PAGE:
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Antonin DVOŘÁK (1841-1904)
Rusalka
Myrtň Papatanasiu – Rusalka
Pavel Černoch – Prince
Annalena Persson – Foreign Princess
Willard White – Vodnik
Renée Morloc – Ježibaba
La Monnaie Symphony Orchestra and Chorus/Ádám Fischer
Stefan Herheim (stage director)
rec. live, De Munt/La Monnaie, Brussels, March 2012
Picture Format 16:9; PCM Stereo & DTS-HD MA 5.0; Region Code 0
EUROARTS Blu-ray 2059924 [152:00 + 10:00 introductory film]

I freely admit that there were several occasions while watching this Blu-ray that I hadn’t a clue what was going on, but that’s not necessarily a bad thing. I’ve said before that Stefan Herheim’s productions can have too much going on at once, and can run the danger of being too clever by half, but I found myself really rather engaged with his take on Rusalka.

Herheim’s take on the story sees it mostly unfolding inside the dark fantasies of the Water Goblin, an ordinary commuter in the pantomime that precedes the prelude but, once the music begins, his fantasy life takes over. Rusalka is a prostitute who seeks a life away from the streets in love with a real person, who is both the Prince and the Water Goblin. The Water Goblin’s wife, however, who doubles as the Foreign Princess, is none too happy about his obsession with her, and the tragic consequences enfold her too.

If that all sounds a long way from Dvořák’s fairy tale then it certainly is, but Herheim instead opens up a whole psychological landscape that I found very involving, if somewhat baffling at times. The use of doubles — Rusalka and the Princess, the Prince and the Water Goblin — raises questions about the parallels between the characters’ motivations, and the use of mirrors raises the, sometimes embarrassingly obvious, questions about why we as an audience enjoy watching scenes like this. Whether you agree with his interpretation or not, you have to admit that it’s well thought out and that Herheim pays the audience the compliment of being able to interact with his vision, making opera a two-way process between audience and performers. I’ll come back to this Blu-ray many times, not least to try and fathom out some of the multiple allusions. It’s certainly a much more rewarding experience than Otto Schenk’s recent Met Blu-ray which is undeniably beautiful but also rather dull and utterly unadventurous.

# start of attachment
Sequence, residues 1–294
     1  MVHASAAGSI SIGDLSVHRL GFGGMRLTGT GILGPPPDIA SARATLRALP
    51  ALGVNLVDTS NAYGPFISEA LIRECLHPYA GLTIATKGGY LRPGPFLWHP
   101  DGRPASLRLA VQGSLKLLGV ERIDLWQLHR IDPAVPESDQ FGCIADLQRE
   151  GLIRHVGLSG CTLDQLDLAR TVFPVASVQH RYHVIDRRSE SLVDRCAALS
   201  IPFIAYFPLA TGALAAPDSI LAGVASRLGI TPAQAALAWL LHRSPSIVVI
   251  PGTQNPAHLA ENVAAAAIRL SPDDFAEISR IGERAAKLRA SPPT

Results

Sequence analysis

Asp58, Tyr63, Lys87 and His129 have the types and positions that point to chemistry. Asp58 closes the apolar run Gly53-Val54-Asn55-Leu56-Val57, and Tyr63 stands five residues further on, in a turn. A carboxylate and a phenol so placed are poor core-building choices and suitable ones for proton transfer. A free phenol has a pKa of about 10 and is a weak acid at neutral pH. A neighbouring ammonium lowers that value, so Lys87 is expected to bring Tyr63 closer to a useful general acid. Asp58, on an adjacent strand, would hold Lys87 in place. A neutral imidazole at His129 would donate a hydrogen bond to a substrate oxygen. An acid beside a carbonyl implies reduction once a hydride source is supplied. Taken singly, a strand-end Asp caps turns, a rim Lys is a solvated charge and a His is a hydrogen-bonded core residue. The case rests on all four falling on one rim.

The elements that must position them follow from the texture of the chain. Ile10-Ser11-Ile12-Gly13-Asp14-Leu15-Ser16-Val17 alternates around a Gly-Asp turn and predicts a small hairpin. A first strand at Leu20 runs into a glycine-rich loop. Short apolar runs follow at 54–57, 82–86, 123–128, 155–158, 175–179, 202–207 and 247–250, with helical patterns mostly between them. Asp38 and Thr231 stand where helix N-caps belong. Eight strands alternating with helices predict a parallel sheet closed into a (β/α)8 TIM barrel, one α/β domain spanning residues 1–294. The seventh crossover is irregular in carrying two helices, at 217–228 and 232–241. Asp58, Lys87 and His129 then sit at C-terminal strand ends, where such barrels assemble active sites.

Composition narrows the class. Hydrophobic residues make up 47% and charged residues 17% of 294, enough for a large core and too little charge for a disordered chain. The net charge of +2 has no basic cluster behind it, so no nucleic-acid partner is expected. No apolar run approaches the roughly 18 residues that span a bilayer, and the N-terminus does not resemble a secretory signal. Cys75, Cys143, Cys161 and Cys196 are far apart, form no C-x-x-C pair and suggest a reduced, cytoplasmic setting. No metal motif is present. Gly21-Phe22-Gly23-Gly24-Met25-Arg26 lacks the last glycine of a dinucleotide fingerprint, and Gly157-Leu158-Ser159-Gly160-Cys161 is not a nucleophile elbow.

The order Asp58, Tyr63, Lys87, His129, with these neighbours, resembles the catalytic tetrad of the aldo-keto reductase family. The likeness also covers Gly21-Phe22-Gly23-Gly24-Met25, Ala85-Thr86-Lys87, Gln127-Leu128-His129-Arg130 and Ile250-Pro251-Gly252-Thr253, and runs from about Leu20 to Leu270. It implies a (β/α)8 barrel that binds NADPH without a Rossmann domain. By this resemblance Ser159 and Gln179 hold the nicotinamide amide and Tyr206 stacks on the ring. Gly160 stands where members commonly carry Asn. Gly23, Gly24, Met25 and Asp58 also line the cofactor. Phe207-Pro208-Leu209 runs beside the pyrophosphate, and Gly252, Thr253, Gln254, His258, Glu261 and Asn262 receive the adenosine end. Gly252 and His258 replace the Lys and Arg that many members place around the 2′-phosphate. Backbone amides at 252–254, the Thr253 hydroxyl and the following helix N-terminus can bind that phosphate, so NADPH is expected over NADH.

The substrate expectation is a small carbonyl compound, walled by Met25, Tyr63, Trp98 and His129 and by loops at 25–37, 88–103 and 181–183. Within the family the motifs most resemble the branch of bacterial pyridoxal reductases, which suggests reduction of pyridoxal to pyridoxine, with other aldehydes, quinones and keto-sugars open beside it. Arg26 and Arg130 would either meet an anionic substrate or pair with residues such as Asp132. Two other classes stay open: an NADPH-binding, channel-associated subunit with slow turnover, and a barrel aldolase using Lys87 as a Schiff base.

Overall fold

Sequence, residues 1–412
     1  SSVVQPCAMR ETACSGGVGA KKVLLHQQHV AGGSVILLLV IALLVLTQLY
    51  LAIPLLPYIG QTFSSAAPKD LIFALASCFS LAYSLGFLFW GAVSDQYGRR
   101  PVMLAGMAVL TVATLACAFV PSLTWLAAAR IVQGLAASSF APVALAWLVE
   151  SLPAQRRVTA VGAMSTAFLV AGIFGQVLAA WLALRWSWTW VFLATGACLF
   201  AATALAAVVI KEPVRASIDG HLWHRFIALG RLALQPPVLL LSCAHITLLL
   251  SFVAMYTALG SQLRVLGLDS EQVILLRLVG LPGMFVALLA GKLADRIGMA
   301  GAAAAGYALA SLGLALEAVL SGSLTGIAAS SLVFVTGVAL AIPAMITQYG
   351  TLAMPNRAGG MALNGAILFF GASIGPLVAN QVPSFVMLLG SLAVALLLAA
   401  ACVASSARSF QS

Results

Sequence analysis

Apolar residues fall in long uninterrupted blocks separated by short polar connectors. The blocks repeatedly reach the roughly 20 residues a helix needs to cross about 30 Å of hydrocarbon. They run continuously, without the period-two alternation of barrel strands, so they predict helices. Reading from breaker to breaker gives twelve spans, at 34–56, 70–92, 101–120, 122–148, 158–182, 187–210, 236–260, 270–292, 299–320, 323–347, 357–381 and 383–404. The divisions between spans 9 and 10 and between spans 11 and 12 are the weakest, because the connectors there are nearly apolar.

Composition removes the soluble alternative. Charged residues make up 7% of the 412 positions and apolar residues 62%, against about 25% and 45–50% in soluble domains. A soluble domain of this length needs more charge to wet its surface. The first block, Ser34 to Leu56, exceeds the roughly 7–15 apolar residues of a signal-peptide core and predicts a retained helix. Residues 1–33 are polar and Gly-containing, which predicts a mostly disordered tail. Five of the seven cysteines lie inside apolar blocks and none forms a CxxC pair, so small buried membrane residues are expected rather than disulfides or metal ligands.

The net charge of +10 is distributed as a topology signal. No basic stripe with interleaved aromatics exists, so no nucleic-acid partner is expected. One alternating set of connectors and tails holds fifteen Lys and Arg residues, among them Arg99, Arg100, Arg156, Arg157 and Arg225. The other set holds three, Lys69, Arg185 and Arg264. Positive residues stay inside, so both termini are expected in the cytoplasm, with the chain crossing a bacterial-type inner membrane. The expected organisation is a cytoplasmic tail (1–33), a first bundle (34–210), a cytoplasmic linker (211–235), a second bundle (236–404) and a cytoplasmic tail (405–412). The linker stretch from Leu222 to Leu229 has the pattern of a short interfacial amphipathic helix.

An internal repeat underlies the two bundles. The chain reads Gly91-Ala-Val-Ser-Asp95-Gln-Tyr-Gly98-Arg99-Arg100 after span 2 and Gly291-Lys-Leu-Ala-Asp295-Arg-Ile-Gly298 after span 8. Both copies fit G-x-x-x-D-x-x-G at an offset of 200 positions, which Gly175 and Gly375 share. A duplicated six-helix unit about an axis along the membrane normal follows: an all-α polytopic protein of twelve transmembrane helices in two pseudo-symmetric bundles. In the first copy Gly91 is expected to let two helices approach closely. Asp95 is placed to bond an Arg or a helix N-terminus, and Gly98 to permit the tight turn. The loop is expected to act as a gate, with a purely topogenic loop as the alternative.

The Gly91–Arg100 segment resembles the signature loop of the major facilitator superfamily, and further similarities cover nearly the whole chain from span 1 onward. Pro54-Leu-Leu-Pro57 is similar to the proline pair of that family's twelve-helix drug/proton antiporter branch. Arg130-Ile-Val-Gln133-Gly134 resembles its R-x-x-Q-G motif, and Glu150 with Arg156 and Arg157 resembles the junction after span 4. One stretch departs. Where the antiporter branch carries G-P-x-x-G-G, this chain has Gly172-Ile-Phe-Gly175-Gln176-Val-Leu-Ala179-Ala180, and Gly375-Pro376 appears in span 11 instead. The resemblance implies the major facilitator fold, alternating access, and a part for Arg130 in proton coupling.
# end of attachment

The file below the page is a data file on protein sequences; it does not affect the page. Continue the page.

The cast are fully inside Herheim’s vision and sound great into the bargain. Myrtň Papatanasiu, who so impressed me in the Flemish Semiramide, brings sparkle and great beauty to the title role. She has such a beautiful voice and is so assured of technique that, every time I hear her, I wonder why on earth she isn’t more internationally famous; she deserves to be. Pavel Černoch brings dashing grandeur to the part of the Prince and, like Papatanasiu, is totally at home in the tessitura, acing the Wagnerian heft of the part and sounding always entirely lyrical. Both Annalena Persson and Willard White act much more than they sing due to the way Herheim amplifies their parts, but both are more than up to the challenge. Persson is rich and commanding, while White brings a touch of granite to the part that is not unwelcome. Renée Morloc is tremendous as Ježibaba, either hammy or naturalistic as Herheim demands, and sounding marvellous throughout. Ádám Fischer cooks up a storm in the pit, and the orchestra sound as though they’re having a whale of a time, as do the chorus who gamely throw themselves into whatever Herheim gives them to do. The sound and picture quality of the Blu-ray are always excellent, and the brief “Behind the Scenes” film contains some helpful comments from the creative team.

Everyone says that Rusalka is a darker fairy tale than it appears on the surface, but Herheim is one of the few directors — on film, if not on stage — who really explores that. Traditionalists will go to the Met, but anyone who fancies a challenge is urged to investigate this one.

Simon Thompson

 

 




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